New York Agriculture & Markets Law

Sec. § 214-N
Treatment and Sale of Apple Cider


As used in this section, the following terms shall have the following meanings:


“Apple cider” or words of similar import means a product made exclusively from the expressed, unfermented juice of fresh apples or parts thereof.


“Treat” or “treated” means any approved action or activity undertaken to prevent, reduce to acceptable levels, eliminate or render harmless a pertinent pathogen.


“Pertinent pathogens” means the most resistant microorganisms of public health significance, and shall include, but not be limited to E. Coli O157:H7 and cryptosporidium parvum. The commissioner is hereby authorized to include additional pathogens within this definition as he or she deems necessary and vital to the protection of public health.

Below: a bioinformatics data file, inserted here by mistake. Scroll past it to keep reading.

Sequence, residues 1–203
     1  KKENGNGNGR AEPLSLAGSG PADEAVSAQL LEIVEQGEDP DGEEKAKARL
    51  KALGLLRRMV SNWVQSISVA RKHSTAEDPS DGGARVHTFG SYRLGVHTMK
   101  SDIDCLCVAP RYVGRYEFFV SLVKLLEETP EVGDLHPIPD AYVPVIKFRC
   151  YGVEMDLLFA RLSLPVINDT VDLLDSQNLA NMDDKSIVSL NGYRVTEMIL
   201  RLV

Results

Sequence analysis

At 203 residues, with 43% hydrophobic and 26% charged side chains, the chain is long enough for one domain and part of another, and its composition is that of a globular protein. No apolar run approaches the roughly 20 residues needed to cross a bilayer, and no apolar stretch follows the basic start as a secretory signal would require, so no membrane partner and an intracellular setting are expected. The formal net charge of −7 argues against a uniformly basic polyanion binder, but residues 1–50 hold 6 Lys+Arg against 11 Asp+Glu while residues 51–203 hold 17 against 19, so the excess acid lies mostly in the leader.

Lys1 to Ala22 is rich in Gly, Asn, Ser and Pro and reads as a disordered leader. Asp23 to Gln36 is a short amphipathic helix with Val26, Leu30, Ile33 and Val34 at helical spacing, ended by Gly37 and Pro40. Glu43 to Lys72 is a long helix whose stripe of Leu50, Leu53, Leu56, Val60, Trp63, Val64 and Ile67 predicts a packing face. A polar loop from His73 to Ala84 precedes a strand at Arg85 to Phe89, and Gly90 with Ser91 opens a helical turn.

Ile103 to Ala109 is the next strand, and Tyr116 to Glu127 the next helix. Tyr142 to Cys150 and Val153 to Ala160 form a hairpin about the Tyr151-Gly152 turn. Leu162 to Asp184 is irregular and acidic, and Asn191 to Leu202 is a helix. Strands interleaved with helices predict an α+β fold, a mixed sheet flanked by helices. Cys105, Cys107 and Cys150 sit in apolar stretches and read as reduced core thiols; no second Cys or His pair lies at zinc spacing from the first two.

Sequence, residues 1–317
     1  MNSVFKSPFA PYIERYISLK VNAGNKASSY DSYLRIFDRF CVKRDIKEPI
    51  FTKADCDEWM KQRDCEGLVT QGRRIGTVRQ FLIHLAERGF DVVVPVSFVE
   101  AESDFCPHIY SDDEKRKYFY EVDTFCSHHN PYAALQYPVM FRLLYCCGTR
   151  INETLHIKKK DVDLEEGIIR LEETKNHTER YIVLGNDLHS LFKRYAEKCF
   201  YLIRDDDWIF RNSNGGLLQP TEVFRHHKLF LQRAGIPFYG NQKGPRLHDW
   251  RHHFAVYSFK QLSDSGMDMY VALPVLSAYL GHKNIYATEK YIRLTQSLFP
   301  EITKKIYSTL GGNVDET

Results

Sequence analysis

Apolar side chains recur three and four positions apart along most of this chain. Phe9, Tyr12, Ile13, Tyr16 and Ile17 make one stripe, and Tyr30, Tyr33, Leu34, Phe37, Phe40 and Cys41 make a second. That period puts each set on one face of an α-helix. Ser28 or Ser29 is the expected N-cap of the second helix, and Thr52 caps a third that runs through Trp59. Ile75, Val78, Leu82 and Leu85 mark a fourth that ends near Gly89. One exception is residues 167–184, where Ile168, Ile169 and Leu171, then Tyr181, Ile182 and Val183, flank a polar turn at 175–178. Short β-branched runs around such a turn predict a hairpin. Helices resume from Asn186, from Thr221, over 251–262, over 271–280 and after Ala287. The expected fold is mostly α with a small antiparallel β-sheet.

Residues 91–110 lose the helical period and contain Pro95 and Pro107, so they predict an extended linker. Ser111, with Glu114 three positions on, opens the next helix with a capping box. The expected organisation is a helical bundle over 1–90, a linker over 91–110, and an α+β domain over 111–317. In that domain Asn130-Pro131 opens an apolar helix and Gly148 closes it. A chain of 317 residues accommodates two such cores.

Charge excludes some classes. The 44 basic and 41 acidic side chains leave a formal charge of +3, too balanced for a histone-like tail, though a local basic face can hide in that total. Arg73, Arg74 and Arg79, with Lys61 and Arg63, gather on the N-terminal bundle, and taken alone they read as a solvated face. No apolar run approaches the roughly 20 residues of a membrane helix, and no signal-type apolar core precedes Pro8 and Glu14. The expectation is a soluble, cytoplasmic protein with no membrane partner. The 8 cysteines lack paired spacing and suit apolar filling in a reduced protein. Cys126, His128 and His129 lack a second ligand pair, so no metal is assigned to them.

“Person” includes any individual, partnership, corporation or association.


“Five log” means a 99.999% reduction in pertinent pathogens.


Any person who manufactures, processes, sells or exposes for sale apple cider shall implement an established process to treat such cider that will consistently produce, at a minimum, a five log reduction, for at least as long as the shelf life of the product when stored under normal and moderate abuse conditions, in the pertinent pathogens.


This section shall not apply to the sale of apple cider for use in the production and manufacture of hard cider, vinegar and wine.


Any person who knowingly violates the provisions of this section shall be subject to a civil penalty of up to one thousand dollars for the first violation and for any subsequent violation.


The commissioner is hereby authorized to adopt rules and regulations, in addition to those authorized in paragraph (c) of subdivision one of this section, as are necessary to carry out the provisions of this section.

Last accessed
Dec. 13, 2016